Richard Nicoll: Nicoll played with some strict silhouettes: a transparent, box-shaped skirt that moved seemingly mechanically as the model walked, and prim shirts with bib collars. But gauzy, transparent fabrics in shades of gray, pale peach and faded plum lent lightness to the otherwise sober collection. Dresses layered with lamé and chiffon softened Nicoll's more extreme shapes for real world wear.

Antoni & Alison: Nothing says I love you like a homemade gift — at least according to Nicole Kidman. To fete the 20th anniversary of the Antoni & Alison label, Kidman starred in "The Party Portraits," an art film made by designers Antoni Burakowski and Alison Roberts and shown Thursday in lieu of a runway show. In the 10-minute film, Kidman models the duo's spring designs against a studio backdrop, pretends to give the viewer a small package and dances to a song from a handheld radio. She wears jersey tank tops with pom-pom prints and dresses made from black taffeta or jersey with sequin details. Her final look? A T-shirt with the words "Antoni and Alison are brilliant geniuses." Now that's a friend.Fashion East: Fashion East, the young designer showcase, hosted collections for House of Holland, Louise Gray and Noki in a dusty East London warehouse. Henry Holland, who made his name with cheeky slogan T-shirts, showed patent leather microshorts with studded cuffs, fluorescent tiger-print jersey dresses and skintight jeans. Gray's first collection focused entirely on her skilful use of colorful and unusual embroidery, which incorporated vintage chains, screws and telephone cables. Meanwhile, Noki's JJ Hudson sent out a selection of customized T-shirts reminiscent of punk's pinnacle years.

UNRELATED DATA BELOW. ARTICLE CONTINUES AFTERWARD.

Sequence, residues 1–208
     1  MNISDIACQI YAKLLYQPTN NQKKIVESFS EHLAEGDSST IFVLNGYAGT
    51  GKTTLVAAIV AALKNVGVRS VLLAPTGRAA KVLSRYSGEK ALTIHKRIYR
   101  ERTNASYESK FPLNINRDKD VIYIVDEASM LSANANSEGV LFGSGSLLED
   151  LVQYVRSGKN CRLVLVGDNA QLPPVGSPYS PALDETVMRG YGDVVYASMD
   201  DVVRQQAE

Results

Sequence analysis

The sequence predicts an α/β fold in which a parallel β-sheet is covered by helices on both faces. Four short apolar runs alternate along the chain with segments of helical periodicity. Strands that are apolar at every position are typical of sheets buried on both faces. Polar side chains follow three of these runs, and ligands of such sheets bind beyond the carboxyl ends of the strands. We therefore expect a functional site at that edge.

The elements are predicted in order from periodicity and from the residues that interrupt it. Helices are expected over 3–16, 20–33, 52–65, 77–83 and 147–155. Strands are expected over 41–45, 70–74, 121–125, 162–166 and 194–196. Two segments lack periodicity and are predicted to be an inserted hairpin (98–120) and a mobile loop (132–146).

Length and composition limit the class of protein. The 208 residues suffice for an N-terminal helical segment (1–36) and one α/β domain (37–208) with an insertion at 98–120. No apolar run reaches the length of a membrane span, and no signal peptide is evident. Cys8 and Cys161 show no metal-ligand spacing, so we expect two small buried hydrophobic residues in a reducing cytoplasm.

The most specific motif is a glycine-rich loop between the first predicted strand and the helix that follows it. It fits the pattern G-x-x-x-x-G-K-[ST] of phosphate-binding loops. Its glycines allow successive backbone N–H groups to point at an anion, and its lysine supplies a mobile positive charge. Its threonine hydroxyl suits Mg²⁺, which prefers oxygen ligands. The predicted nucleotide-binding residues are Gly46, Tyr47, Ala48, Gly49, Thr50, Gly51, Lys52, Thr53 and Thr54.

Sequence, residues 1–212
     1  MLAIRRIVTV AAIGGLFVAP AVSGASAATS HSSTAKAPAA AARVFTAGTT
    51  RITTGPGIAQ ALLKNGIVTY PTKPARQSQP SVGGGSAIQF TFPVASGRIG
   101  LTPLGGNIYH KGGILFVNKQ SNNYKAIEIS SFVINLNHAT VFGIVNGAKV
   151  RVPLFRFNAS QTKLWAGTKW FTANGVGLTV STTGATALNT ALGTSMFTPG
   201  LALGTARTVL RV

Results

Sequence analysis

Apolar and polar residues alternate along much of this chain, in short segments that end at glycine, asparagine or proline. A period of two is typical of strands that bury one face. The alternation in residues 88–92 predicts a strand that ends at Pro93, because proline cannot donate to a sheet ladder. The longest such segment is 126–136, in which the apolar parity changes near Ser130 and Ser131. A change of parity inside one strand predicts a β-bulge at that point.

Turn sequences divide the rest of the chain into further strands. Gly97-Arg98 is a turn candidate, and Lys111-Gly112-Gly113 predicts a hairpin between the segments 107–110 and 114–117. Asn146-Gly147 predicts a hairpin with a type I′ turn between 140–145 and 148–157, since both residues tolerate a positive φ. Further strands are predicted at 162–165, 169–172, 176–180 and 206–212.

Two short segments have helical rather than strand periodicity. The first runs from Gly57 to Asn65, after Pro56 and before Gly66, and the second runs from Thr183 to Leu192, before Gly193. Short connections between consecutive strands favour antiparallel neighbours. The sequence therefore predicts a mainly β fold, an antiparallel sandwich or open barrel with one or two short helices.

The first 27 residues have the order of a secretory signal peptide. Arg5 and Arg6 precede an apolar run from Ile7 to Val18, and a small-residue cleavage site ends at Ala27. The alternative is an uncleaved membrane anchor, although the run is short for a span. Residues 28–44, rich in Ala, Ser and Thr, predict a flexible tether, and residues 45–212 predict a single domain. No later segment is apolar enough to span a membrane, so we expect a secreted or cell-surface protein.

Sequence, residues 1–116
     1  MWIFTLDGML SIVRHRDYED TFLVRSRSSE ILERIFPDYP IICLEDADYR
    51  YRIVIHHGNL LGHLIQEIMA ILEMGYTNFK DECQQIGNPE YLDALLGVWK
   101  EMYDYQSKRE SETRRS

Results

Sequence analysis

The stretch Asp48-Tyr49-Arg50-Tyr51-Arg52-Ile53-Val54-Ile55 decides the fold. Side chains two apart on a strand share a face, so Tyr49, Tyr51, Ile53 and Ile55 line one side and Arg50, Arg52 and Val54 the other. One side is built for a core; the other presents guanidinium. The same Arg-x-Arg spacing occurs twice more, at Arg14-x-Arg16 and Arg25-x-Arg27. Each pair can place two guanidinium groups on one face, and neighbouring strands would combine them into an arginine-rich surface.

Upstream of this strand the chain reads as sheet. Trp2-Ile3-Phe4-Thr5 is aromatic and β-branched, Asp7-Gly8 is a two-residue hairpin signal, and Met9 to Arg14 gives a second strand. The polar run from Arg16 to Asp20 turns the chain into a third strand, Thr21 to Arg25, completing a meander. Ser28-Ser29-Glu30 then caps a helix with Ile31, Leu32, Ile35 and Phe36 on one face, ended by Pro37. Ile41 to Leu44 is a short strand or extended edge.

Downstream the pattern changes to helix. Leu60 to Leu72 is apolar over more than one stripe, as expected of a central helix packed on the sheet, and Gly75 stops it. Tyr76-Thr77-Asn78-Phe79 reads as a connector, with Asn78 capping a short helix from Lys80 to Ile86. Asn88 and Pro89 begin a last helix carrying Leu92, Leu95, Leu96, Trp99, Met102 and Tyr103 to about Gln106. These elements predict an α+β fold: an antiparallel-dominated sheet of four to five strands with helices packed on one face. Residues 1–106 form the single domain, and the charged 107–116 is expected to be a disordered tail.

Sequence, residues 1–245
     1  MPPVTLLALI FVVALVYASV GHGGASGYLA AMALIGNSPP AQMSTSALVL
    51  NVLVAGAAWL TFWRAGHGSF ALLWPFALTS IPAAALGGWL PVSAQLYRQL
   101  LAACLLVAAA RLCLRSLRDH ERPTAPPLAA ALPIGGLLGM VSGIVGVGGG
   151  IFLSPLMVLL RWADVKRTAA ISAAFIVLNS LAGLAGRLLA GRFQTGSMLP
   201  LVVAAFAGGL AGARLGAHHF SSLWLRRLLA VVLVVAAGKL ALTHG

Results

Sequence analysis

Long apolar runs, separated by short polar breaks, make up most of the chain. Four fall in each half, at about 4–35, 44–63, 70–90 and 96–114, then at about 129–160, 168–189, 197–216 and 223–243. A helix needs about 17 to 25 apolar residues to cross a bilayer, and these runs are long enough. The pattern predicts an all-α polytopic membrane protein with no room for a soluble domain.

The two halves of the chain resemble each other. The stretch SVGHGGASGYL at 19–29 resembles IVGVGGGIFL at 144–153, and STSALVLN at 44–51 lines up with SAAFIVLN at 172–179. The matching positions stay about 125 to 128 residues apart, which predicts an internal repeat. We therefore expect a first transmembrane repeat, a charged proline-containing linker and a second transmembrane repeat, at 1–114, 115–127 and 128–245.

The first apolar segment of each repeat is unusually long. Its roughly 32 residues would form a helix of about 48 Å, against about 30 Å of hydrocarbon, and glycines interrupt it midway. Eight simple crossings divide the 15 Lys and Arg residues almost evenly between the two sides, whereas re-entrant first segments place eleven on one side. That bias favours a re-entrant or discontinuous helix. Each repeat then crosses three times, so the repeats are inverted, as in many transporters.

Biba: The line is moving ahead and tightening up its act with snappier silhouettes, cleaner lines and a more contemporary look. A five-person team is now designing Biba, and Louise Goldin is doing the knitwear. This season, the Biba girl has taken a trip to the country club — a place she'd normally have scorned — wearing swingy tennis dresses, A-line trenches, seersucker trousers and silk tops with flower appliqués. It all hung together, except for the printed-covered maxidresses, a Biba staple, which looked too old and cumbersome for this spring-in-her-step girl.

Fashion Fringe: This year's winner of the Fashion Fringe contest for young British designers is Aminaka Wilmont, designed by Maki Aminaka Löfvander and Marcus Wilmont.

For spring, the pair showed a capsule collection packed with historical and sci-fi references, and took a playful approach to volume. There were Victorian frock coatdresses; jackets with Elizabethan collars; Obi-Wan Kenobi white hooded capes and voluminous — but lightweight — Windbreakers. As part of their prize, the winners will be stocked on Net-a-porter.

Osman Yousefzada: Osman Yousefzada took his inspiration from delicate birdcage shapes, which some models wore strapped around their bodies like corsets. There were silk dresses with ribboned bodices and crisp shirts with deconstructed collars sliced into delicate strips.

Modernist: Pleats were everywhere in Abdul Koroma and Andrew Jones' spring collection.They were layered into swingy, tiered jersey dresses and worked into bandeau strips on cutaway swimsuits.